Herbs and Pins

Herbs and Pins
(Yerbas y alfileres)
by Juana Manuela Gorriti

“Doctor, do you believe in curses?” I said one day to my old friend, the illustrious Professor Passaman. I liked to ask him such questions, because his answers always elicited a lesson, or an interesting story.

“What if I do believe in curses?” he answered. “In those of diabolical origin, no; in those of a natural order, yes.”

“And without the devil having a part in them, can’t they be the work of a supernatural power?”

“Nature is the glimmer of divine power; and as such, it contains within itself mysteries that confound the ignorance of humankind, whose pride leads it to seek solutions in chimerical delusions.”

“And what would you say if you saw, as I have, a woman, after three months confinement a hospital bed, spitting spiders and toad’s bones?”

“I’d say she had them hidden in her mouth.”

“Ah, ah, ah! And those who are tortured through effigies?”

“Nonsense! That ‘torture’ is one of the many diseases that afflict humanity, which occurs by coincidence simultaneously with some enmity, some hatred to whose sinister influence superstition then attributes the disease.

“I have been a witness and participant in a story that must be told to you to disabuse you of these absurd beliefs…. But, bah! you love them, they are like candy for your spirit, and you will insist on holding to them. It’s useless.”

“Oh no, dear doctor, do tell the story, by God! Who knows? Maybe I’ll convert!”

“I don’t think so,” he said, and continued.

* * *

I found myself many years ago in La Paz, that rich and populous city that you know.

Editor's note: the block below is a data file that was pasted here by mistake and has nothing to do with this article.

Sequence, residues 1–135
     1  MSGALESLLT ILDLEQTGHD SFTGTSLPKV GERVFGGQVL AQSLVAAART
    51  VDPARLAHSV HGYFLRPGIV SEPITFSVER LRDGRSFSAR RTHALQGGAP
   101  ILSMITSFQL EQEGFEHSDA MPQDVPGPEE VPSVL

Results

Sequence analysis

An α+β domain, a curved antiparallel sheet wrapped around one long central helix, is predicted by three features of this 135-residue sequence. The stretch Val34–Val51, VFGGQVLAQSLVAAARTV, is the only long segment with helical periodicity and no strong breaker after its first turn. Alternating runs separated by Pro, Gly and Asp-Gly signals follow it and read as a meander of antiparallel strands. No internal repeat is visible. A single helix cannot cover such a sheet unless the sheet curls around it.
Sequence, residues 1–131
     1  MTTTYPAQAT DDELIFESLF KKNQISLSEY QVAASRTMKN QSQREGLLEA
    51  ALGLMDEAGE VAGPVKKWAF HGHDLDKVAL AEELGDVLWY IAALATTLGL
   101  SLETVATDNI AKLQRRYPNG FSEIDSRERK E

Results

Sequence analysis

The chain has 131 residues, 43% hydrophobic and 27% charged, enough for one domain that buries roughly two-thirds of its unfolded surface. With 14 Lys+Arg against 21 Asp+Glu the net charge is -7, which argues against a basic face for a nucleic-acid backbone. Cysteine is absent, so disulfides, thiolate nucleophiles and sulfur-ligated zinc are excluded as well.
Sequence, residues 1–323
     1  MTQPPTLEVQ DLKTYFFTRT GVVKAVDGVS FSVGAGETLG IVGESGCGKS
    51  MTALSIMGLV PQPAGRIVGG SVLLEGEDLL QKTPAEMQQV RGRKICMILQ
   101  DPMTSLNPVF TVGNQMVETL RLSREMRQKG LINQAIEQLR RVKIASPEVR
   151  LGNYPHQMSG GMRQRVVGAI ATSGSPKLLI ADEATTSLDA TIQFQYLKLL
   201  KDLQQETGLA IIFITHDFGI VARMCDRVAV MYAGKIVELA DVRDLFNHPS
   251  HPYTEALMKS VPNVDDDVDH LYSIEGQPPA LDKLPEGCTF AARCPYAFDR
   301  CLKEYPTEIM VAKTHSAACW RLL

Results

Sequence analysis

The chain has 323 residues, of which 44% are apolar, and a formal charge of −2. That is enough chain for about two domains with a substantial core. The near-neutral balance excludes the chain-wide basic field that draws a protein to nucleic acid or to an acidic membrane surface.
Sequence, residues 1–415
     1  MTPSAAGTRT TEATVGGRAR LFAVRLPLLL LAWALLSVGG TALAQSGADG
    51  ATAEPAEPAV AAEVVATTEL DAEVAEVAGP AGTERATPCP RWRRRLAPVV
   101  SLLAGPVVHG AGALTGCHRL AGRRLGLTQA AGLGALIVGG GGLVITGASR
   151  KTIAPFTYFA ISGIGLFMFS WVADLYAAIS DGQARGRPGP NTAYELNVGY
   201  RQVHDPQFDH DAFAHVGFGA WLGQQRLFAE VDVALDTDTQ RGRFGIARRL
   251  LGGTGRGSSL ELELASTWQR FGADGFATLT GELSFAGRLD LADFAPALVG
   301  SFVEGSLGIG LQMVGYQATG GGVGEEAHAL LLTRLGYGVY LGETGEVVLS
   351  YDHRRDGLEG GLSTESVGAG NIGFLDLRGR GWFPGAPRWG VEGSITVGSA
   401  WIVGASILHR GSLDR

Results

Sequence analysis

I had been preceded there less than by my reputation as a doctor than as a mesmerist.

A multitude of people milled day and night around my residence. They all longed not just to witness, but to test the effects of that mysterious power of which they had only heard, and that troubled them with a mixed feeling of curiosity and terror.

Among the infinite number of people who asked at all hours to see me, a young woman came whose dress proclaimed her wealth; but her face, though lovely, was pale and revealed the deep sadness of long suffering.

“I have not come to consult a doctor,” she said, smiling with bitter dejection. “Ah! I no longer hope for anything from science; I come to ask the mysterious muse that serves you the cause of an evil that consumes the one I idolize; a strange ailment that has resisted the resources of skill, of vows, of prayers; I come to demand from you a remedy, though it may be at the cost of my blood or my life.

“They say that to make use of your muse you embody it in a human brain. Place it in mine: let it see with my thoughts; let it speak with my lips, and shed light on the arcane mystery that fills my existence with sorrow. Ah!…”

Her voice died out in a sigh.

As she had been speaking, I had hypnotized her.

A few passes had been enough to show me the extraordinary lucidity residing in that young woman.

“Do you hear me, pretty girl?” I said to her, using the adjective that so powerfully appeals to all women; because before putting her under hypnotic influence I had forgotten a preliminary: to ask for her name.

“Pretty!” she exclaimed; and a sad smile appeared on her lips. “Ah! I no longer am. Sorrow has destroyed my beauty and left me only a shadow.”

“Have you suffered much?”

“Oh! So much!”

And a tear welled up from beneath her closed eyelid and traversed her pale cheek.

“Well then, tell me your troubles. Do you miss some lost joy? Were you so very happy?”

“Ah! So much! Santiago loved me; he was going to be my husband. The next day’s sun should have seen us united, but that fatal night, a terrible disease attacked him in his bed, he who lay there young, handsome, strong and healthy. It stiffened his limbs and left him paralyzed, his body gripped by horrible pain that made his life hell. A year has come and gone twice without bringing even a single respite to his illness.